So, if you recall, Jean-Pierre and his team first created a petition that was signed by thousands; then they went to public meetings to listen to the opposing side and voice our own opinions and concerns; fought to have this voted on by referendum; met one-on one with the mayor to talk about the project’s negative impact on tourism, the environment, Chinon’s economy. All the while speaking with as many business owners and residents as they possibly could, gathering into working associations the multitude of citizens who, as they were each relieved to learn, were not alone in their opposition to the project.
Over a very long year and a half they fought, loudly and quietly, in public and behind the scenes. They pushed and City Hall pushed back, brushing off any and all negatives, dismissing the growing opposition to the project, spurning the call for a referendum or an open call for new ideas. The mayor seemed to hesitate more than once, seemed to be confused as to why no one would want this project to move forward while being angry that others were trying to force his hand. He did not want to lose face. And then we all discovered the way out.
Archeology. Whenever a works project anywhere in France is on the table, plans drawn up, budgets fixed, before any work can begin, there has to be an official archeological survey done and diagnostic given. They came in and did a first phase and then the news arrived: “suite à la découverte « d’une importante stratification couvrant une période chronologique s’étendant de la Protohistoire (*) à l’époque moderne », il est acté que tout coup de pioche envisagé dans le périmètre de La Brèche fera l’objet de fouilles complémentaires systématiques. – Following the discovery of an important stratification covering a chronological period extending from the Protohistory (the oldest fragments dating back to the Iron Age, about 700 B.C.) to the modern era, it is recorded that any work considered done in the perimeter of La Brèche will be the object of systematic complementary excavations.” Thus adding additional, enormous costs to the city, who would be obliged to pay for these excavations, not to mention the years of excavations.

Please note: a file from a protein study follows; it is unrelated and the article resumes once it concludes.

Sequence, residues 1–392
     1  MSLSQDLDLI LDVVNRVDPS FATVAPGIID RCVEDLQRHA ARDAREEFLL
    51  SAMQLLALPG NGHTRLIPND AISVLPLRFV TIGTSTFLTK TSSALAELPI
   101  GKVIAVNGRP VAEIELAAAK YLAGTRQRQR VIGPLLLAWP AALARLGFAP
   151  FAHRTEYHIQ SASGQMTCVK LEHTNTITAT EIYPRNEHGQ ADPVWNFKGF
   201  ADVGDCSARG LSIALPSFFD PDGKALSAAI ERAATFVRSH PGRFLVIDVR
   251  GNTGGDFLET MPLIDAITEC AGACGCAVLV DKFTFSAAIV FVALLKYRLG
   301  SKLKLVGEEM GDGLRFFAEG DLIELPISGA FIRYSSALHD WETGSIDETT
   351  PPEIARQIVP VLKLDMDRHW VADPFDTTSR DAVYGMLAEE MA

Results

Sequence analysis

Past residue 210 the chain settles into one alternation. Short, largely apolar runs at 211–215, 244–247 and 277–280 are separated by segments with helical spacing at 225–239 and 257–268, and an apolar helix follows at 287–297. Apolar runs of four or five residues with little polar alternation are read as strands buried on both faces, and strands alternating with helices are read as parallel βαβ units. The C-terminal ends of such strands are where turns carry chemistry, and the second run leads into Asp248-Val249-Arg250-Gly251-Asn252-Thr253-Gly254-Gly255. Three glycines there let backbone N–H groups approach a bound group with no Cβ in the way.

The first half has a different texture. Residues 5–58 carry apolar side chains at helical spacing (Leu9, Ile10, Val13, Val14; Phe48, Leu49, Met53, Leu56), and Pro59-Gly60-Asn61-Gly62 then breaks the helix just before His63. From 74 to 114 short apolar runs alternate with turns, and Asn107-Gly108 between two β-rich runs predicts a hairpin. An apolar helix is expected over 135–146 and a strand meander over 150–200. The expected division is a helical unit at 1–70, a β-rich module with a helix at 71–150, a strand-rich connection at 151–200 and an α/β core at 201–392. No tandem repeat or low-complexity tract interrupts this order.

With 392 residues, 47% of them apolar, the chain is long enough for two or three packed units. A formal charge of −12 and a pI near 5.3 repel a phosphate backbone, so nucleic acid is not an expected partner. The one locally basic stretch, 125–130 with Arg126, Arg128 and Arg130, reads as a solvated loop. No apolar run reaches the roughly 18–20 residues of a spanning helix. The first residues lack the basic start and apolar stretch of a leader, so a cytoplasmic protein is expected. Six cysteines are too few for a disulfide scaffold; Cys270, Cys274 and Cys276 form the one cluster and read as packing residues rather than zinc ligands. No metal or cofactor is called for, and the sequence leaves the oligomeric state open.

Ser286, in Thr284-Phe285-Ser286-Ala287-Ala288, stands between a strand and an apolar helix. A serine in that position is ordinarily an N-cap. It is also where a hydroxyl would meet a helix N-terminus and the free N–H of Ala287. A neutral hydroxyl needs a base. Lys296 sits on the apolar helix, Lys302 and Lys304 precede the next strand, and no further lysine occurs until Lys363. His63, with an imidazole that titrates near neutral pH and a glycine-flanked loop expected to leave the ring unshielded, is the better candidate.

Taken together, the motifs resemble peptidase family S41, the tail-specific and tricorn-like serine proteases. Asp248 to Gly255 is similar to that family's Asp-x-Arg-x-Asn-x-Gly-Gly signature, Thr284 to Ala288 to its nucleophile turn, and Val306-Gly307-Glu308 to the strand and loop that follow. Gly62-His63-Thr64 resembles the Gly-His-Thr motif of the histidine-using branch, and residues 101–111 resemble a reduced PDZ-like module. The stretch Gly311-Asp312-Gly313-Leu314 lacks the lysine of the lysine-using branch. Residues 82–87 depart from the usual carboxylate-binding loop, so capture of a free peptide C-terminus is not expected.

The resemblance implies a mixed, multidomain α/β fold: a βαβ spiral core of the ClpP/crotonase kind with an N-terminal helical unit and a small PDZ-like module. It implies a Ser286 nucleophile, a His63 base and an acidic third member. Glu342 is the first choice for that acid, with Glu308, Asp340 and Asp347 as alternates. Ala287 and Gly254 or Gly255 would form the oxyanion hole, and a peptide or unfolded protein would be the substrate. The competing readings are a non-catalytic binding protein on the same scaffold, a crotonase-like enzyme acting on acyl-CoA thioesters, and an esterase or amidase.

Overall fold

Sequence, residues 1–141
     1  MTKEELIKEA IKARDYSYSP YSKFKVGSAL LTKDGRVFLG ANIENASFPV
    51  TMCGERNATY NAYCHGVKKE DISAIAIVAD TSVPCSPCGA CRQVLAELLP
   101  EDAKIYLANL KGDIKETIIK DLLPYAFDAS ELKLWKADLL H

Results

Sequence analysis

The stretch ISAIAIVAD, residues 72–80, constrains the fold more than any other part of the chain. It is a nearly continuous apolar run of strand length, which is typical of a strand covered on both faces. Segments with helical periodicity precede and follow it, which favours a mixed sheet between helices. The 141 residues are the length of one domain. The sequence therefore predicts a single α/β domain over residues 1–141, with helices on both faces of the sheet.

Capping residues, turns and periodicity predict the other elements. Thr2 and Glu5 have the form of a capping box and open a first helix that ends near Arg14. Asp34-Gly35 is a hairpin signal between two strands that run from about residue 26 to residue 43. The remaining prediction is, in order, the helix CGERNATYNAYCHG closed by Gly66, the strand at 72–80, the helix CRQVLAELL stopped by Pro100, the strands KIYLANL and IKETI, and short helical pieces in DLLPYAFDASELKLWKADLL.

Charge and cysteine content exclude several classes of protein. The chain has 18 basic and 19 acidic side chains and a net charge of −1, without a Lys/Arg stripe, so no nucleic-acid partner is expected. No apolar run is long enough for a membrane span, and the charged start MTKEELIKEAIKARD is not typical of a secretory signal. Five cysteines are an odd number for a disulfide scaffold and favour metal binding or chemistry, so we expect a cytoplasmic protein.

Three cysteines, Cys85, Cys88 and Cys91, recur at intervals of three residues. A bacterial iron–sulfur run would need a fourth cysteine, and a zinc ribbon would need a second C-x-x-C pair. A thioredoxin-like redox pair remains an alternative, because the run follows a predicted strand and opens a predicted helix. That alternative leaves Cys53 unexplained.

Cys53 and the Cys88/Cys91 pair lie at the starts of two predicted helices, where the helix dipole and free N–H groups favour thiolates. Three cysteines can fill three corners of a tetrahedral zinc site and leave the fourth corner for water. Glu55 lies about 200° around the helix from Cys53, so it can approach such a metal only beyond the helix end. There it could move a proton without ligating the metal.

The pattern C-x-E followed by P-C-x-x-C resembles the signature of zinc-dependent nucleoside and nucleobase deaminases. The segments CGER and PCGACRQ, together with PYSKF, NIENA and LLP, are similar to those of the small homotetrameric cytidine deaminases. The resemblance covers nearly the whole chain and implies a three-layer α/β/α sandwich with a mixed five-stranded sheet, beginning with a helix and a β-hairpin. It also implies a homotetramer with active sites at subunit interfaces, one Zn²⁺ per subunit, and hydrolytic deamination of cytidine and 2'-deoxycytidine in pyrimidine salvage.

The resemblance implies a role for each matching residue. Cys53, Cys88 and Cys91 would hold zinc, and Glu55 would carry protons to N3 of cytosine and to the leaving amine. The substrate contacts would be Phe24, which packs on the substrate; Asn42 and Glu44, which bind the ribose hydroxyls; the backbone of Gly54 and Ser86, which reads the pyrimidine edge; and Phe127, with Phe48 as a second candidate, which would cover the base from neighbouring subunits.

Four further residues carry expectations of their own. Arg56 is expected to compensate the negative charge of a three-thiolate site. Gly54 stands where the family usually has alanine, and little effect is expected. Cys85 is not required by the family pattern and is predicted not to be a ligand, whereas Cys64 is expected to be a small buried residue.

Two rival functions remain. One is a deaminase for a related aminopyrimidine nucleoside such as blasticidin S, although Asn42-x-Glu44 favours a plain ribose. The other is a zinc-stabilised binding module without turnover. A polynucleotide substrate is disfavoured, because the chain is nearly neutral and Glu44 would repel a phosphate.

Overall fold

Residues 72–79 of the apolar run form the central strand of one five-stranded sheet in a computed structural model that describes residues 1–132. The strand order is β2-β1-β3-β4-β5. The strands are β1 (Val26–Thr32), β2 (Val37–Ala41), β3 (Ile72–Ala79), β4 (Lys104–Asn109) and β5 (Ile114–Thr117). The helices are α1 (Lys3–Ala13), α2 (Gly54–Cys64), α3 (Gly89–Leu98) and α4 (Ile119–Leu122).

The Mayor was thus given the chance to put the project “on hold for consideration” while saving face as the breaks were put on this project.
And the city was saved. For now. And we each cheered as we heaved a communal sigh of relief and victory.